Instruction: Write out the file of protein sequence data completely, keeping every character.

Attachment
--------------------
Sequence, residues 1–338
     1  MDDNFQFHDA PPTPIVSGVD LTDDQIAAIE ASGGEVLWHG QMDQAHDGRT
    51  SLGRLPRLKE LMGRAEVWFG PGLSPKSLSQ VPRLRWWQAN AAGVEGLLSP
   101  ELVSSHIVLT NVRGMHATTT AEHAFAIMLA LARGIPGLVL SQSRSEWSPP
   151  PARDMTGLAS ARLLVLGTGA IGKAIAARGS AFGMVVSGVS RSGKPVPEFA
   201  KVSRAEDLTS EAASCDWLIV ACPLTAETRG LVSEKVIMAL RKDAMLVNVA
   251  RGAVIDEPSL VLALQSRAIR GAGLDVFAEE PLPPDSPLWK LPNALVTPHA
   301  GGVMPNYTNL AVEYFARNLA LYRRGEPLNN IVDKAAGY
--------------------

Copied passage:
Sequence, residues 1–338
     1  MDDNFQFHDA PPTPIVSGVD LTDDQIAAIE ASGGEVLWHG QMDQAHDGRT
    51  SLGRLPRLKE LMGRAEVWFG PGLSPKSLSQ VPRLRWWQAN AAGVEGLLSP
   101  ELVSSHIVLT NVRGMHATTT AEHAFAIMLA LARGIPGLVL SQSRSEWSPP
   151  PARDMTGLAS ARLLVLGTGA IGKAIAARGS AFGMVVSGVS RSGKPVPEFA
   201  KVSRAEDLTS EAASCDWLIV ACPLTAETRG LVSEKVIMAL RKDAMLVNVA
   251  RGAVIDEPSL VLALQSRAIR GAGLDVFAEE PLPPDSPLWK LPNALVTPHA
   301  GGVMPNYTNL AVEYFARNLA LYRRGEPLNN IVDKAAGY